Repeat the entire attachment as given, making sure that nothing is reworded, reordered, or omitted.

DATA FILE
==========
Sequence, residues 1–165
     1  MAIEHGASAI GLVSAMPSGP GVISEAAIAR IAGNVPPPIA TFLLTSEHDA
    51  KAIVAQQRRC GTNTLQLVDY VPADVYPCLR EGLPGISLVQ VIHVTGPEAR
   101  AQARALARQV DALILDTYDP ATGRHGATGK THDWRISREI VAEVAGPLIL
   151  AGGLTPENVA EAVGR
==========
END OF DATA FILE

Sequence, residues 1–165
     1  MAIEHGASAI GLVSAMPSGP GVISEAAIAR IAGNVPPPIA TFLLTSEHDA
    51  KAIVAQQRRC GTNTLQLVDY VPADVYPCLR EGLPGISLVQ VIHVTGPEAR
   101  AQARALARQV DALILDTYDP ATGRHGATGK THDWRISREI VAEVAGPLIL
   151  AGGLTPENVA EAVGR